2010-2016 Non-Resident Senior Fellow[34] Fellowship Brookings Institution
2018 Brown Democracy Medal[12] Award Pennsylvania State University


  • Altman, Micah (1998). Districting Principles and Democratic Representation. Pasadena, California, United States: California Institute of Technology. p. 367.
  • Altman, Micah; Gill, Jeff; Mcdonald, Michael (2003). Numerical Issues in Statistical Computing for the Social Scientist. John Wiley & Sons. ISBN 978-0-471-23633-7.
  • Communicating Science and Engineering Data in the Information Age. National Academies Press. 2012. ISBN 978-0-309-22209-9.
  • McDonald, Michael P.; Altman, Micah (2018). The Public Mapping Project: How Public Participation Can Revolutionize Redistricting. Cornell University Press. ISBN 978-1-5017-3855-5.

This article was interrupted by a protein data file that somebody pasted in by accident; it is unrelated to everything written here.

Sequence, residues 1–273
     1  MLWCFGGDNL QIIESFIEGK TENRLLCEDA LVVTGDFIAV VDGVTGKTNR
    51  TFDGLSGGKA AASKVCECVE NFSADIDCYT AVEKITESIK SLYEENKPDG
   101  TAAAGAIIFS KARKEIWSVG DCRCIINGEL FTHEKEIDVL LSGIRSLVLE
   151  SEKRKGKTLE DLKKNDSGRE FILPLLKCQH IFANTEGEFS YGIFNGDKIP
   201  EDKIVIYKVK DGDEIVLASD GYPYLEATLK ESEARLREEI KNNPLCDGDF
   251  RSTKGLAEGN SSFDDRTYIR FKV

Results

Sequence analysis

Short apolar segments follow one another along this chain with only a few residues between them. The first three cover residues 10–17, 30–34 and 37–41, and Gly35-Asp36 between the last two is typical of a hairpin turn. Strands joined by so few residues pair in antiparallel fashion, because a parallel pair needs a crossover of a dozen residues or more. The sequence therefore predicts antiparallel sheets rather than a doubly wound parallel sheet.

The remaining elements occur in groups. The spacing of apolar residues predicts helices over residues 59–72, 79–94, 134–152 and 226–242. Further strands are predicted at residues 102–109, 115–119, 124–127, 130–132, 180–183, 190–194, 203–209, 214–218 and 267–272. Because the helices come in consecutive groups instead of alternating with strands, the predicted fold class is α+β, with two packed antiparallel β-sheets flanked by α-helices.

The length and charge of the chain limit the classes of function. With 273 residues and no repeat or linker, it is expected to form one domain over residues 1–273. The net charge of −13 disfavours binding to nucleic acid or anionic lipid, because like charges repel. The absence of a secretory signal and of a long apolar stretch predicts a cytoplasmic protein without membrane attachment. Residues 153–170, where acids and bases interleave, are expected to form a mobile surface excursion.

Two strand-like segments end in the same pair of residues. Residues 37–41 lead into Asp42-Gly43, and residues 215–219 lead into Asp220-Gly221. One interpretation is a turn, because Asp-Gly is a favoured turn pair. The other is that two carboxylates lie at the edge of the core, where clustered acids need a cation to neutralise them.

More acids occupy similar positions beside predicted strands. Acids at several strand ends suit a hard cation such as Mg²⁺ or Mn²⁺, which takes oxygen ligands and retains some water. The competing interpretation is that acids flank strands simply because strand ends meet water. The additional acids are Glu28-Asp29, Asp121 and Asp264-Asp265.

Selected publications[edit]


  1. ^ "Micah Altman". ORCID. Retrieved 2019-08-24.
  2. ^ Garson, G. David, ed. (2008). Handbook of Research on Public Information Technology. Vol. 1. IGI Global. p. 2. ISBN 978-1-59904-857-4 – via Google Books.
  3. ^ Kousser, J. Morgan (1999). Colorblind Injustice: Minority Voting Rights and the Undoing of the Second Reconstruction. University of North Carolina Press. p. 10. ISBN 0-8078-2431-3 – via Google Books.
  4. ^ a b c Denny, Heather (2012-01-24). "Altman joins MIT Libraries as Director of Research". MIT Libraries. Archived from the original on 2018-10-03. Retrieved 2019-09-14.